Russell’s Blog

Russ-newMy musings and ramblings! An extension of the Twitter account, recipes, restaurants, work, travel, maybe even my Sunday lunch.

One way and another I have done more and more writing over the last few years and I’m really enjoying having time to focus on this. I am contributing regularly to magazines such as the Caterer and Just About Dorset, but the blog is a chance to cover more diverse subjects – visits to growers, some of our travels, new recipes, occasional book reviews and some pieces about the work I am doing are a few areas I will be covering.

The guest blog section is where I prevail on friends and colleagues, most of them in the food industry, to share their thoughts, stories and experiences with us. Exciting, vibrant and diverse are words I’d use to sum things up on the guest blog and it isn’t all food related either!

I want to say a massive “thank you” to all those who have agreed to participate and I am sure that these contributions will be a big part of the interest in this website. Lots of these people have their own websites, blogs and books so please follow the links to see much more. If you are interested in guest blogging please email me at russell@CreativeAboutCuisine.com

 

February 2017 Newsletter

Hello!

The new year has started with a bit of a whirl for us here at Creative about Cuisine; there have been a number of projects in the pipeline for a while now and one in particular has just come off.

There is a book on its way!

Many of you who read the blog, follow on Twitter, etc. will know that books have always been a hugely important thing for me. I have always said that reading Pierre Koffmann’s book La Tante Claire was the catalyst to a career in professional cooking and all along the way books have continued to influence, delight and inform. Different books mark milestone times in my career and I still love the sensual, anticipatory pleasure of running my thumb down the opening page of a new book. I relish learning new things and books have been hugely important in that area.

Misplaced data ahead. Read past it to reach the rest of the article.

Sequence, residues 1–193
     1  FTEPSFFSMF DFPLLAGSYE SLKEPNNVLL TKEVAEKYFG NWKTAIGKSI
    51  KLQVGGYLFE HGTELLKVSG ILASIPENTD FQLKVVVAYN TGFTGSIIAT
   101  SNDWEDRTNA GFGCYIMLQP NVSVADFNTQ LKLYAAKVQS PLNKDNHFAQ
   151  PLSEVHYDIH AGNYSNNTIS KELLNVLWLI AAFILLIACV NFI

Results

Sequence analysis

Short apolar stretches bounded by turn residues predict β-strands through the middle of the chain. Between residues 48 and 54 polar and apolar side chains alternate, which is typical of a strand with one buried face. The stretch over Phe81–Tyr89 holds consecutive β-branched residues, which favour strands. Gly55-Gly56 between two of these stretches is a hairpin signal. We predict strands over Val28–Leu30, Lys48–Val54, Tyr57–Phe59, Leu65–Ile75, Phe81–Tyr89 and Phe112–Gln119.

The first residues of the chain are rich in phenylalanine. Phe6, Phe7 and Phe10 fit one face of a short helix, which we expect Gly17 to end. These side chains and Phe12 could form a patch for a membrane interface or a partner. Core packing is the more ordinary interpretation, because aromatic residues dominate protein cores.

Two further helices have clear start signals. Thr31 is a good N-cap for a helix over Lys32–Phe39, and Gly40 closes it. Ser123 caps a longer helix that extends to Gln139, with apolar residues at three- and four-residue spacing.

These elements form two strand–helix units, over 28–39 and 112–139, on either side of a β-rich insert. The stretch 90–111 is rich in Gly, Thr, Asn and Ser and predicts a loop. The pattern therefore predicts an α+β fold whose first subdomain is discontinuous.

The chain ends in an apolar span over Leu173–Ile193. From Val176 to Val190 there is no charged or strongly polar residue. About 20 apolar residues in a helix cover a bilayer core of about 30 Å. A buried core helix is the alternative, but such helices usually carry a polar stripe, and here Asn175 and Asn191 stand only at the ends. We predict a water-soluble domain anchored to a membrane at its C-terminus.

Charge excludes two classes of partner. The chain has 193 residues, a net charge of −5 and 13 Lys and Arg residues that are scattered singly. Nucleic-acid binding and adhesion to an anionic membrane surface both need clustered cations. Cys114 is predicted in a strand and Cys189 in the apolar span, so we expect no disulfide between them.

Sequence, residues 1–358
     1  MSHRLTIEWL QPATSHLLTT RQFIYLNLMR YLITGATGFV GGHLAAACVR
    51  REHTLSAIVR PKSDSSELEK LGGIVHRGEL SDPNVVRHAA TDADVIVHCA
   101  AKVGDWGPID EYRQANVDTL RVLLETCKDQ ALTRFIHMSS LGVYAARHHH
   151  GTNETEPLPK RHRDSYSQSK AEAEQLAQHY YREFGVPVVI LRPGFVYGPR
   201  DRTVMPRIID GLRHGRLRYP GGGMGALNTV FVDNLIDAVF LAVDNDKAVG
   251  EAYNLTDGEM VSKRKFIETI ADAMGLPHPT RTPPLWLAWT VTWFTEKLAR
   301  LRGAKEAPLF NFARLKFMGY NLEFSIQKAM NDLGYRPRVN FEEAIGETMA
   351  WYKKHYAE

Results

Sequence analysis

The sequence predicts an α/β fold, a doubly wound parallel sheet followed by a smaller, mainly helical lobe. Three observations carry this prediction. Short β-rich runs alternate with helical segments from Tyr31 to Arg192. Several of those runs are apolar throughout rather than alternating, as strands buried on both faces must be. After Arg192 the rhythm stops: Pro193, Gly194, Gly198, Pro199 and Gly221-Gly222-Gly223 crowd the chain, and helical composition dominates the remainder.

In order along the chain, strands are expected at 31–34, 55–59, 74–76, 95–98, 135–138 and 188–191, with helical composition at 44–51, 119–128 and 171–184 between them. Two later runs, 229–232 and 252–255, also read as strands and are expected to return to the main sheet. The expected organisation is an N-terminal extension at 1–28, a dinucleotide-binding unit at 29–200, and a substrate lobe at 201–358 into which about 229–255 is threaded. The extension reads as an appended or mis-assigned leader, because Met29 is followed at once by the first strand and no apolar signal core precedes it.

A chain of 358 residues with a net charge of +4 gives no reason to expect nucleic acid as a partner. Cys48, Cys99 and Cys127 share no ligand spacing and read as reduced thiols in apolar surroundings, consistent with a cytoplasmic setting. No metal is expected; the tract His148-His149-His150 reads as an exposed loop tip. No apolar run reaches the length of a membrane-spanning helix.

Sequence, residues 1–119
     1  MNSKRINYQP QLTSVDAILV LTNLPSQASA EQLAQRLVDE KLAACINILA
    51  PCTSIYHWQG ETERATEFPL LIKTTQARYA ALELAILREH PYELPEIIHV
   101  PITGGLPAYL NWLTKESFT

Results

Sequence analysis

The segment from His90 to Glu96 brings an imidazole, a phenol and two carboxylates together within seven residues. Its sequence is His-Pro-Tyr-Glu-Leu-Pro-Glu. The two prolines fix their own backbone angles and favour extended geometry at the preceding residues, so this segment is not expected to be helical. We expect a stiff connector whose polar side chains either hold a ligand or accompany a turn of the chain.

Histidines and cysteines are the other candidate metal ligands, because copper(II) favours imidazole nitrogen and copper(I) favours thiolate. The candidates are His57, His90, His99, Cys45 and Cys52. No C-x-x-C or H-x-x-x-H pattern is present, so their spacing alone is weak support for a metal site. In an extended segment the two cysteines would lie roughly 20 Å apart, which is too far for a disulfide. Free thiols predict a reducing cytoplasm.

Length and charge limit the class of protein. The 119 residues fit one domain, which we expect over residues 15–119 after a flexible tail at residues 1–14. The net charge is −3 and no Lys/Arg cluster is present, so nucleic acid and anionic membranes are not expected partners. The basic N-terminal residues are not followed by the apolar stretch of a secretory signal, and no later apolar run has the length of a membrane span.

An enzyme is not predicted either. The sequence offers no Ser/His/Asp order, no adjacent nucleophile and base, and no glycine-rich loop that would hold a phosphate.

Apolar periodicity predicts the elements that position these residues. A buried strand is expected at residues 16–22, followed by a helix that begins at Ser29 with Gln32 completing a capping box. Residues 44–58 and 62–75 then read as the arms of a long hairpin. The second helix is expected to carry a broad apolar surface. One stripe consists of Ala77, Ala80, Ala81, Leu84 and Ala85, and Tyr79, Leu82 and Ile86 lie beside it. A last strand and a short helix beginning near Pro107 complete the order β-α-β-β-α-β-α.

To write a book has been a long held ambition, one that, with co-author Jon Haley, is now going to be fulfilled!

Jon and I were introduced over eighteen months ago now by good friend James Whetlor from Cabrito Goat Meat. Jon had been making a range of seasonal pestos as an adjunct to his full time job as a lawyer, and a website and blog were part of the business. You can take a look at the website here – all about seasonal food, seasonal living and cooking.

To cut a long story short, Jon felt there was the basis of a book in the content of the website and, after the introduction from James, we began to work up a pitch. Now, thanks to our efforts and those of our agent Georgina Capel Associates, we have a publishing deal with London-based publishers Head of Zeus.

My cooking has been driven by seasonal ingredients for years now so Jon and I make a great team. We both love the countryside, share an enjoyment of fishing, the outdoors in general and simple seasonal cooking. Equally we bring our own voices and areas of knowledge to the mix. Jon is writing about seasonal activities, ingredients and festivals, many of which have strong food links and he is educating me about many of them. I am working on recipes and the photography for the book, featuring dishes that are rooted in the seasonality and have some of my chef’s flair but are about cooking at home for family and friends. For both Jon and I, food is all about making people happy. There is crossover, of course, and we have had long discussions about the key ingredients to feature and what, this time, we sadly have to leave out!